1.3
Utilizing a Lightning Safety Toolkit at Outdoor Venues

- Indicates paper has been withdrawn from meeting
- Indicates an Award Winner
Monday, 24 January 2011: 11:30 AM
Utilizing a Lightning Safety Toolkit at Outdoor Venues
602/603 (Washington State Convention Center)
Charlie Woodrum, NOAA/NWS, Pittsburgh, PA; and D. Franklin

The high human capacity in stadiums and other outdoor venues increases the risk of a fatal lightning strike. Despite delayed events due to the threat of lightning, spectators often choose to stay in open, unsafe areas. To address this issue, in May of 2010, a new voluntary recognition program was unveiled by the National Weather Service to help large venues such as golf courses, outdoor sporting arenas, concert pavilions, water parks, raceways, amusement parks, etc., better protect performers, staff, and patrons from the dangers of lightning.

The program has been set up so National Weather Service officials can help venue management develop the proper plans for a lightning delay. The process involves guidelines and a toolkit which can be utilized by the site as a template for creating their plan. With public naivety regarding lightning danger at large outdoor venues during a thunderstorm, this recognition will be utilized in order to help outdoor venues mitigate the risks of a disaster.

Large outdoor venues are being approached across the country by the National Weather Service with this safety plan. Guidelines have been established for these locations to ensure data reception sources, decision support standards, effective communication, a public notification plan, protection program, and education of staff and patrons. To meet these guidelines, a template safety plan is available for the sites to follow before, during, and after the event. To create a safety plan or enhance an existing one, management can fill in this template with the location's site specific information. The resulting document can then be easily and quickly referred to when there is an impending lightning threat to an event.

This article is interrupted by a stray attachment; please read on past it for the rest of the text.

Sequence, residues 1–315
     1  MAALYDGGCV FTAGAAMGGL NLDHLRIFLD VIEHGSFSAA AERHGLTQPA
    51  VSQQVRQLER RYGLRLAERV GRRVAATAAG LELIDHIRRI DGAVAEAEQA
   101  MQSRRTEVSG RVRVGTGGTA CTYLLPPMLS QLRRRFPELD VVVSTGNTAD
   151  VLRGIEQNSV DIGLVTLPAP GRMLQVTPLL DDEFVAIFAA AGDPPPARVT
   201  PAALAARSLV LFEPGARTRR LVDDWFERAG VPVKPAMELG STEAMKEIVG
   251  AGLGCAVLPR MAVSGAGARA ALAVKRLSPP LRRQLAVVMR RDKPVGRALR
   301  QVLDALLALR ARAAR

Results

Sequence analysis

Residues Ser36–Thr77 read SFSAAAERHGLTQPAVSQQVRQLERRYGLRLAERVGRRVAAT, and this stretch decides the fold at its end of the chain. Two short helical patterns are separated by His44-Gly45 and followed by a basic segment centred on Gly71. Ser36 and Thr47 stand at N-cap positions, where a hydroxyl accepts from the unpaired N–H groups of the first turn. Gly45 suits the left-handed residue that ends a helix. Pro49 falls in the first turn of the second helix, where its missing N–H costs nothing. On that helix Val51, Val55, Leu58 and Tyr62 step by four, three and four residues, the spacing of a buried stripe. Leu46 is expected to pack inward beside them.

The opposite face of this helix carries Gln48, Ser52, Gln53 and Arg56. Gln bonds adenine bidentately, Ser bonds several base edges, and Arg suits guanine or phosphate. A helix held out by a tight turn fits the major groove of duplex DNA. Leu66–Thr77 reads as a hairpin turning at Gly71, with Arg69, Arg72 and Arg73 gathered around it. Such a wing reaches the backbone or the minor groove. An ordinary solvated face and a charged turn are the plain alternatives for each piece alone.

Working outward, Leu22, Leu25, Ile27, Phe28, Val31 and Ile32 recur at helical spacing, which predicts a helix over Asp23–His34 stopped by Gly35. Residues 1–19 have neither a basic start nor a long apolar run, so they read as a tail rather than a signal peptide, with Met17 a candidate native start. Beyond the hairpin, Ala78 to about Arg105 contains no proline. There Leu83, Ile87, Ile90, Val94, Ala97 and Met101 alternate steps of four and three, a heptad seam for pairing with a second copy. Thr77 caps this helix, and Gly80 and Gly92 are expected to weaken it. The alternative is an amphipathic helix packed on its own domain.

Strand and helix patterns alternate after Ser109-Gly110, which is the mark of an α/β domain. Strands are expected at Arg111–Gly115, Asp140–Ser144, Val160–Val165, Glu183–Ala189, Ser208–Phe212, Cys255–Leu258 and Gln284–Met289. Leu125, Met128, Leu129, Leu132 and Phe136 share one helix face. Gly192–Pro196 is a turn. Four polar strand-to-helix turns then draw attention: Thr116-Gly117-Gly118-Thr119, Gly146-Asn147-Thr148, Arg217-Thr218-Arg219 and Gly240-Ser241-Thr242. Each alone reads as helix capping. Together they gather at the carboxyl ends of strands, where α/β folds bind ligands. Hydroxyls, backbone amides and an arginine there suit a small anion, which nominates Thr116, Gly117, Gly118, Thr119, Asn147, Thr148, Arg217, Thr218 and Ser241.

The guidelines within the toolkit have been set up so a site has several options to protect performers, staff, and patrons. These include disseminating public information, designating shelters, lightning proximity threshold action items, public address system evacuation announcements, and instructions on safely resuming the event. In addition, the guidelines are listed in the form of a venue preparation checklist. With this information, locations can move forward with ensuring they have taken proper lightning safety measures.

With lightning injuries and fatalities related to outdoor activities a continued concern, this safety plan can help inform staff and patrons of the threats of lightning and reduce the risk of injury or death. The program also will increase public awareness of lightning hazards and enhance relationships with local emergency managers and the National Weather Service.